Travelin’ Maine(rs)

A regular travel blog, written by George and Linda Smith, focused entirely on instate travel.

Sunday brunch at the Harraseeket Inn can be sublime

City or Town: 
Freeport
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 George

 

                The best Sunday brunch in Maine is found at Freeport’s Harraseeket Inn. Check out the February 8 menu, published with this column, and see if you agree. Better yet, experience this yourself. During yet another snow storm, we cozied up to the fire next to our table and proceeded to dine for 2 ½ hours.

Small plates and prices and creative food make Marche’ Kitchen a favorite destination

City or Town: 
Lewiston
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 Linda

                We were watching the nightly television show 207 one night when a familiar face popped up. It turned out to be Kevin Cunningham, a chef we’d met when he worked at the Brunswick Tavern. Kevin mentioned that he was the chef at Marche’ Kitchen and Wine Bar in Lewiston now.  So we looked into visiting Marche’ the next time we were scheduled to go to The Public Theater.

Elegance combined with great food makes 22 Broad Street a destination

City or Town: 
Bethel
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 Linda

                I still remember the amazing dining experience we had four years ago when we first visited 22 Broad Street in Bethel. It was a perfect fall evening and we dined in their charming screened in porch. Tiny decorative white lights, intimate tables, a gentle breeze, and an extraordinary Italian meal remain in my mind.

Huts and Trails features high adventure, comfort, and great food

City or Town: 
New Portland
Kingfield
Blog Showcase Image: 

Linda

                Okay, I was clueless about the Maine Huts & Trails system before this adventure. When George explained to me that we would hike in, maybe in the dark, and sleep in a “hut”, I may have been a bit apprehensive. He sweetened the deal by saying that was the weekend Bob Duchesne was leading a winter bird watch. I hadn’t been birding in so long, a winter bird hike sounded awesome to me.

        Then George explained that all we needed to bring were sleeping bags, and that all the meals were prepared for the guests at the lodge. We could snowshoe in - no problem.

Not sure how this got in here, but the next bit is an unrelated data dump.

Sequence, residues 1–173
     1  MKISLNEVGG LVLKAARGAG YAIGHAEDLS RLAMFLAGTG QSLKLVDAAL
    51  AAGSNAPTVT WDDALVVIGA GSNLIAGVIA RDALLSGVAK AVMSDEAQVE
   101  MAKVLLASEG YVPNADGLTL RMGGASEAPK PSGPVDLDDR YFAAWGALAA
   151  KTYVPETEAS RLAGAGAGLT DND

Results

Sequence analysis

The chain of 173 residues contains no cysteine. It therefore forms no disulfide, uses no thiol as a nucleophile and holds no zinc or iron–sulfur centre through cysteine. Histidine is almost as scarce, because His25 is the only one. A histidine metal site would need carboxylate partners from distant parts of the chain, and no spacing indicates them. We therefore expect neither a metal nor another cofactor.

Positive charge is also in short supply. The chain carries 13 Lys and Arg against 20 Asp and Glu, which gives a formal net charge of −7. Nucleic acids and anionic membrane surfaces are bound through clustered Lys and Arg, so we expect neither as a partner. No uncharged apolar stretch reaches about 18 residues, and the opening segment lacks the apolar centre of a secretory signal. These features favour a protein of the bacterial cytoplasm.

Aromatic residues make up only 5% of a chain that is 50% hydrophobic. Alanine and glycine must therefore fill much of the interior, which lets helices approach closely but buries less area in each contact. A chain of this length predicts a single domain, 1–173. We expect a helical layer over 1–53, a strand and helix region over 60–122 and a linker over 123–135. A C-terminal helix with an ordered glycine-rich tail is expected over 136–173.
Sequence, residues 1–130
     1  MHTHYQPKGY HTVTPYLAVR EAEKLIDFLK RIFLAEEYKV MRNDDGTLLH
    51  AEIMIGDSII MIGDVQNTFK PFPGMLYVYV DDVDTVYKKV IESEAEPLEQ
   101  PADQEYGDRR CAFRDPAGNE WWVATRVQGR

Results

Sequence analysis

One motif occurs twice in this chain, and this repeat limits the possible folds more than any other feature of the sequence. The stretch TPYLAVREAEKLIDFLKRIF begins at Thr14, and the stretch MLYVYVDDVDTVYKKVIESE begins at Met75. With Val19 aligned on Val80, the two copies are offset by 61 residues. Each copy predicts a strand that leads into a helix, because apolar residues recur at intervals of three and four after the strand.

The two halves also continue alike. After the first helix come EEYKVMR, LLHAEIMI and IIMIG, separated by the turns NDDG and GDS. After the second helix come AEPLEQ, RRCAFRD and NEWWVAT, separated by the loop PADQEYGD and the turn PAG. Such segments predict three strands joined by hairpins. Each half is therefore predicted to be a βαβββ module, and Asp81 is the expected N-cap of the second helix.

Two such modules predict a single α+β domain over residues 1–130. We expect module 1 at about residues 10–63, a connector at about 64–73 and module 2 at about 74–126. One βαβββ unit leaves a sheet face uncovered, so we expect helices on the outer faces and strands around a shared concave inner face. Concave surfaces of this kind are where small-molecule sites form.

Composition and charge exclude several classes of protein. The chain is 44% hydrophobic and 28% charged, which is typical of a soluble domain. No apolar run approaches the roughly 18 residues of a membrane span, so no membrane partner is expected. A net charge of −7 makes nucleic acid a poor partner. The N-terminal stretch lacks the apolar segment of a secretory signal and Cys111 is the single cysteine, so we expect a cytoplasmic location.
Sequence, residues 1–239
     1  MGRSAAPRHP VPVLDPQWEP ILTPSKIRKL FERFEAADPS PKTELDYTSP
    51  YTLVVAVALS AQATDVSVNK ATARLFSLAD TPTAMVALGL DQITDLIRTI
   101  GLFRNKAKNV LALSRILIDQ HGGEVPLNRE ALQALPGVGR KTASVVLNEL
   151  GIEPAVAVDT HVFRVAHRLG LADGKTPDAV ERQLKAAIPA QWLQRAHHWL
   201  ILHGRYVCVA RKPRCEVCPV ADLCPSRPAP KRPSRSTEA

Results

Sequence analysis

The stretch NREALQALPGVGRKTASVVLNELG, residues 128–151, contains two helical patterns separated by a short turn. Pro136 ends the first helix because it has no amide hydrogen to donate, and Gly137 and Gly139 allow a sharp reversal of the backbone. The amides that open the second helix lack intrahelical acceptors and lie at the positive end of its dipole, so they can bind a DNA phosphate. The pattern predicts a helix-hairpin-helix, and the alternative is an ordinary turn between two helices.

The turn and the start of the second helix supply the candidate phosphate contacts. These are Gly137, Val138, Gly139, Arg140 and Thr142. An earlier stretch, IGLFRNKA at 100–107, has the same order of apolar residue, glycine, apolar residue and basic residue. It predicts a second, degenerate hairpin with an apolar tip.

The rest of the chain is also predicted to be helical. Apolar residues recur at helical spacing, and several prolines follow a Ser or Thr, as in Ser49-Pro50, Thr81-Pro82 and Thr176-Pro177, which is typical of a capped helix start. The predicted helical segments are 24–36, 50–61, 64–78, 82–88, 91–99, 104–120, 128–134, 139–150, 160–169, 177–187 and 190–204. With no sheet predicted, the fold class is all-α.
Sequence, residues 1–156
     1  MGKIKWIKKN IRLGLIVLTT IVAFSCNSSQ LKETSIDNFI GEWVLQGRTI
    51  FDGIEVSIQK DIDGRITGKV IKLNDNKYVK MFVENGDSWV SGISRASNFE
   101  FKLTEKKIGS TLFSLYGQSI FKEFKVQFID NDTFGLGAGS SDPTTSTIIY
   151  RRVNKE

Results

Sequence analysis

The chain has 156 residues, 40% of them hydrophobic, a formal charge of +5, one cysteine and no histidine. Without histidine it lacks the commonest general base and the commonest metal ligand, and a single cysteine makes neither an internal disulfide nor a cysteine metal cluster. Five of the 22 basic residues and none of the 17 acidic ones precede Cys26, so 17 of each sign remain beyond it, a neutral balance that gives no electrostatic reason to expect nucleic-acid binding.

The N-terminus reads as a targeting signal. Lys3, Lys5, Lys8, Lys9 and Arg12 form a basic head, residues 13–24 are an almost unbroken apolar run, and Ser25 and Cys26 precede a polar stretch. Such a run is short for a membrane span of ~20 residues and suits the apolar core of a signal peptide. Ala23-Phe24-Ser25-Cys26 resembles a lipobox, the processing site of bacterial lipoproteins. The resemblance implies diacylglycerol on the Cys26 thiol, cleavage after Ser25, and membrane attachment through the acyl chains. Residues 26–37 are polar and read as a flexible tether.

As it turned out, the gorgeous snowshoe in was extremely easy, even carrying in our gear. Walking up the well groomed Service Road was only 1 mile. A more scenic trial in along Flagstaff Lake is 1.8 miles. We decided to explore more trails once we unloaded our gear.

A recreational paradise in Maine’s great North Woods

City or Town: 
Millinocket
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 Matt Polstein is the perfect example of what it takes to succeed these days in the sporting camp business. Matt has renovated most of the old cabins that were part of Twin Pine Camps, constructed new cabins and luxurious 3-bedroom houses, added a superb restaurant, and partnered with conservation groups to protect surrounding lands and with outdoor recreation groups to add experiences to the traditional pursuits of hunting and fishing.

                When we were there a few weeks ago, it was clear that the New England Outdoor Center is a major destination for snowmobilers. While Matt rents snowmobiles, many of his guests arrive with huge trailers full of them. Some bring two for each member of their party, in case one breaks down!

Taco 2’sDay Spells Fun at 3 Crow

City or Town: 
Rockland
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 George

                Given that Linda and I think dining out should be fun, we eagerly anticipated Taco 2’sDay at Rockland’s 3 Crow restaurant. And fun it was!

                Part of the fun was that our daughter Rebekah and son-in-law Patrick joined us. But the friendly staff, beautiful interior, and tasty food, made this a particularly memorable evening.

                The owners, Chef Josh Hixson and his wife Tara Barker, are front and center here. Josh cooks New Orleans-inspired food, another thing that drew our attention to this relatively new restaurant on Rockland’s Main Street. New Orleans food draws us often to our favorite Portland restaurant, Hot Suppah.

Travis Ferland is restoring the historic Rangeley Inn to greatness

City or Town: 
Rangeley
Blog Showcase Image: 

George

                It takes a brave soul to tackle the restoration of an old historic inn, and Travis Ferland is a brave soul. He also has the credentials and work ethic to do it. Travis purchased the Rangeley Inn two years ago at a foreclosure auction and has been working tirelessly ever since to bring this landmark on Rangeley’s Main Street back to its glory years.

                So far, so good. We stayed in the renovated section of the Inn and were impressed with how Travis has retained the historic aspects while modernizing the building. The entire Inn is full of old photos, memorabilia, and furniture, as well as mounts of moose and bear. My friend Bill Pierce, executive director of the Fly Fishing Museum in Oquossic, loaned the Inn some amazing photos from the museum’s collection. The common rooms at the entrance are particularly beautiful.

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